How to Build a Universe that Doesn't Fall Apart

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posted on Sep, 5 2008 @ 11:45 PM
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The article I am linking to is not particularly related to conspiracy theory but I think it gives us some insight into how to deal with "the conspiracy," whatever that may mean to each of us. Furthermore, I feel it gives much insight into the nature of reality, which is more than appropriate in this particular forum.

I present to you the king of sci fi surrealism, the duke of divergent reality, the sultan of slippery identity, Mr. Philip K Dick in his own words...

How to build a universe that doesn't fall apart two days later

I highly recommend reading the whole thing. Here are a few excerpts I find particularly interesting:


But the problem is a real one, not a mere intellectual game. Because today we live in a society in which spurious realities are manufactured by the media, by governments, by big corporations, by religious groups, political groups—and the electronic hardware exists by which to deliver these pseudo-worlds right into the heads of the reader, the viewer, the listener.



What is the relationship between the average TV situation comedy to reality? What about the cop shows? Cars are continually swerving out of control, crashing, and catching fire. The police are always good and they always win. Do not ignore that point: The police always win. What a lesson that is. You should not fight authority, and even if you do, you will lose. The message here is, Be passive. And—cooperate. If Officer Baretta asks you for information, give it to him, because Officer Beratta is a good man and to be trusted. He loves you, and you should love him.



I like to build universes which do fall apart. I like to see them come unglued, and I like to see how the characters in the novels cope with this problem. I have a secret love of chaos. There should be more of it. Do not believe—and I am dead serious when I say this—do not assume that order and stability are always good, in a society or in a universe. The old, the ossified, must always give way to new life and the birth of new things. Before the new things can be born the old must perish. This is a dangerous realization, because it tells us that we must eventually part with much of what is familiar to us. And that hurts. But that is part of the script of life. Unless we can psychologically accommodate change, we ourselves begin to die, inwardly. What I am saying is that objects, customs, habits, and ways of life must perish so that the authentic human being can live. And it is the authentic human being who matters most, the viable, elastic organism which can bounce back, absorb, and deal with the new.



as you begin to ask what is ultimately real, you right away begin talk nonsense.



One time, when I was researching Gnosticism in the Britannica, I came across mention of a Gnostic codex called The Unreal God and the Aspects of His Nonexistent Universe, an idea which reduced me to helpless laughter. What kind of person would write about something that he knows doesn't exist, and how can something that doesn't exist have aspects? But then I realized that I'd been writing about these matters for over twenty-five years. I guess there is a lot of latitude in what you can say when writing about a topic that does not exist. A friend of mine once published a book called Snakes of Hawaii. A number of libraries wrote him ordering copies. Well, there are no snakes in Hawaii. All the pages of his book were blank.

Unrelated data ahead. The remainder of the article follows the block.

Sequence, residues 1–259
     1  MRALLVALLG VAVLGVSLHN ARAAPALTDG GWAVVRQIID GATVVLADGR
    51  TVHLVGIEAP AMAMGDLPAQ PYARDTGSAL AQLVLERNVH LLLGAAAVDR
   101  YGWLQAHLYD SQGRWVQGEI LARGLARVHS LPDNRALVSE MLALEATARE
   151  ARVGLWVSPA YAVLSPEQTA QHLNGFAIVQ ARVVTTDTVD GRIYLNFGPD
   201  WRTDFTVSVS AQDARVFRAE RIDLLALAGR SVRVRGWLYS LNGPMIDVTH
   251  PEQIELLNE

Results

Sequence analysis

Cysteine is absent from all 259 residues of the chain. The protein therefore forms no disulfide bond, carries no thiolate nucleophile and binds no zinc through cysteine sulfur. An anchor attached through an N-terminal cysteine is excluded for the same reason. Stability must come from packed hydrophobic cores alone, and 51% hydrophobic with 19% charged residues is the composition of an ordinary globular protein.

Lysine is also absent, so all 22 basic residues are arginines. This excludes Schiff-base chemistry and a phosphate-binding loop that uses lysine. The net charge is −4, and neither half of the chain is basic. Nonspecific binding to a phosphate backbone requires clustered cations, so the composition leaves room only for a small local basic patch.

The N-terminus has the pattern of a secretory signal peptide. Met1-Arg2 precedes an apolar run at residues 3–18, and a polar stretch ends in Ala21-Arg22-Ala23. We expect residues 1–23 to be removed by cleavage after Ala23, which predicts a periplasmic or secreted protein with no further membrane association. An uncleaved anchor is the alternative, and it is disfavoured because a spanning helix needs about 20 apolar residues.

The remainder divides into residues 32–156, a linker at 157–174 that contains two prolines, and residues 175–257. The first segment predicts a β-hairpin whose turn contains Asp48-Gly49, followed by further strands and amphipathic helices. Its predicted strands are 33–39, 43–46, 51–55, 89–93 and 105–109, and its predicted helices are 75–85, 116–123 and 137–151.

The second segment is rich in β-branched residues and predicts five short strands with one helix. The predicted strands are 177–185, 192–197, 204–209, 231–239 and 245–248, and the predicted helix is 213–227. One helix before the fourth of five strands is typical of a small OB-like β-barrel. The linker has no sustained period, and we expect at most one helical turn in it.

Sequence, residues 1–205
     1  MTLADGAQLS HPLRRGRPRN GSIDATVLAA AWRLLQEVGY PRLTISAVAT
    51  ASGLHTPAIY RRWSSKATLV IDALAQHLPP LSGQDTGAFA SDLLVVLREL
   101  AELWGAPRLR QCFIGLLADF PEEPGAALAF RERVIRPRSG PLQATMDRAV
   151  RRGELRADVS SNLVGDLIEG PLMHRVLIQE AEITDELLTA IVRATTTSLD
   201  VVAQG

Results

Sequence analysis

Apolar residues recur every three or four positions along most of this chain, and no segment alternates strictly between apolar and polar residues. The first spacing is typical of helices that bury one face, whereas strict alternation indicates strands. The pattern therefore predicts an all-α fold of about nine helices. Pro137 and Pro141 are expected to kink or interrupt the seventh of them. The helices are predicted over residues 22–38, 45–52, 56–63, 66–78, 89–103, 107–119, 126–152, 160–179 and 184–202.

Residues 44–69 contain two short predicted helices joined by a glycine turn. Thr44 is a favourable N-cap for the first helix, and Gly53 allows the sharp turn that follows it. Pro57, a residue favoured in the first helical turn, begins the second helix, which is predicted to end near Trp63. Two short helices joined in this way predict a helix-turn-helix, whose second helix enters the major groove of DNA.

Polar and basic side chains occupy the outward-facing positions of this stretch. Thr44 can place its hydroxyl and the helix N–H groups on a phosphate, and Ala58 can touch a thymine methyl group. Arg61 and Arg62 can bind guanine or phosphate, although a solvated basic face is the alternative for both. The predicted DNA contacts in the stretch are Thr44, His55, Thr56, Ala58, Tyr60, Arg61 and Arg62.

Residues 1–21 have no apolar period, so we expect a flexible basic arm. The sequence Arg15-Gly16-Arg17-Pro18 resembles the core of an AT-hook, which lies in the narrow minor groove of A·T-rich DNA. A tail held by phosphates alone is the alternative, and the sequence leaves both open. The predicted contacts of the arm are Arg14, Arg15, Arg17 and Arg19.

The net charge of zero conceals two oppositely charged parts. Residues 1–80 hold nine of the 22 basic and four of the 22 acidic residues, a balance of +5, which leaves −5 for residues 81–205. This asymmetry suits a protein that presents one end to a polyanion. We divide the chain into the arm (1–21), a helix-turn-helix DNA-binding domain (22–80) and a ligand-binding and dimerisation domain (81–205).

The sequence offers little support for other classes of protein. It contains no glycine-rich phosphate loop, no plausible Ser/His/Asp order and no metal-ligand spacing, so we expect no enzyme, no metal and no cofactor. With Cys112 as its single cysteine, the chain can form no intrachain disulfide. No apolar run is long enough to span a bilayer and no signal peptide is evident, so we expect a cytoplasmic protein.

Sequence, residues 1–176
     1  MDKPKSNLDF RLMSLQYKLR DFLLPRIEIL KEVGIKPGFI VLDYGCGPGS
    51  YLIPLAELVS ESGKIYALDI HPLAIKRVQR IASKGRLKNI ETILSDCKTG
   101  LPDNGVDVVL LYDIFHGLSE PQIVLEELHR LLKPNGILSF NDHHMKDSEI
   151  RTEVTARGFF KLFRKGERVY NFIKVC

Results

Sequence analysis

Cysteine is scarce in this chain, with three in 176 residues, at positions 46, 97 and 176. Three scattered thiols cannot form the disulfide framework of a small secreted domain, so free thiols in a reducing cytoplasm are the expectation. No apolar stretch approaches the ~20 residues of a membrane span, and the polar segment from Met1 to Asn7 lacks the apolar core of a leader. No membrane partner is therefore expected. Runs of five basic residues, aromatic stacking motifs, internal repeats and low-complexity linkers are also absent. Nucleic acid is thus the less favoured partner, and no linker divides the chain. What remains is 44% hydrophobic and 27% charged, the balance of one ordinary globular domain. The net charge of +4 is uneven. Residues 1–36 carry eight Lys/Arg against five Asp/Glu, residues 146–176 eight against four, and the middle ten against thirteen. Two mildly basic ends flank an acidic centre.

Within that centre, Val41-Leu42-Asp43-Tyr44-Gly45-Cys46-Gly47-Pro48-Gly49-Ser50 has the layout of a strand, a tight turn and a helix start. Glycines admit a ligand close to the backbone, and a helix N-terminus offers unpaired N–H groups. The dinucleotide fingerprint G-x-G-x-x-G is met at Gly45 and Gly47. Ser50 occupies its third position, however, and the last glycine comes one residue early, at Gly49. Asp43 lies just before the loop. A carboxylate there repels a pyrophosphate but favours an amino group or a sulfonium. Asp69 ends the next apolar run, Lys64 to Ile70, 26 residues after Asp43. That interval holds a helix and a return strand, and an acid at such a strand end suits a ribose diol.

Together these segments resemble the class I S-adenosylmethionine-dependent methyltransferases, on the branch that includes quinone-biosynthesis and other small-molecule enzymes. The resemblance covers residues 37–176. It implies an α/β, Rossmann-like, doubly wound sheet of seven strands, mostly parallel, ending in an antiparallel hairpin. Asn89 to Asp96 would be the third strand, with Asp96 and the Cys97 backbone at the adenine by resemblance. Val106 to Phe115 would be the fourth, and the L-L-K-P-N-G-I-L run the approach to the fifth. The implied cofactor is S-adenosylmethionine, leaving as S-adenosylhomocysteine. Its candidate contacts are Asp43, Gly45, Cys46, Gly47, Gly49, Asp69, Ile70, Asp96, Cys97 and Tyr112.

Those quotes are all from the first half of the essay but I don't want to fill up the post with quotes - read it yourself if you're interested, that's why I posted it. The reason this fascinates me is because I have always found science fiction (along with all other speculative fiction) to be a particularly liberating and exciting medium for exploring ideas beyond the everyday experience of reality. Traditional literature can hint at these things in an abstract way, but sometimes the most bizarre tales are those most effective at demonstrating these ideas in a tangible, even visceral way.

But aside from the debate over whether spec-fic is serious literature (as an English major, I was never much into the "high brow" stuff,) I think the ideas in this essay offer plenty of fuel for a debate about the nature(s) of realit(y)(ies).




posted on Sep, 6 2008 @ 05:48 AM
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Your link doesn't work for me.

So I googled the title of Dick's essay. There were hits, but none of them led me to the essay.

Definitely a conspiracy here.



posted on Sep, 6 2008 @ 03:32 PM
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reply to post by Astyanax
 


Weird...just tried the link and it works for me. No conspiracy here...I'm looking more at the way our perception of reality interacts with "conspiracy theory."



posted on Sep, 7 2008 @ 04:04 AM
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reply to post by shipovfools
 

Yeah, well Dick was a master at that. You start reading one of his books and everything seems normal; then suddenly reality warps and shifts, and goes on warping and shifting till you haven't the faintest idea where you are. He carries it off best in The Three Stigmata of Palmer Eldritch and Ubik. But all his stories are like that. See if you can find a creepy little short he wrote called 'The Father-Thing'.

Of course, you can't think like that without being a bit crazy; for years, Dick was a paranoid schizophrenic. But, genius that he was, he actually wrote a novel about himself as a schizophrenic. It's called VALIS and it might just be his masterpiece.

Of course, if you're an aficionado, you know all this already.





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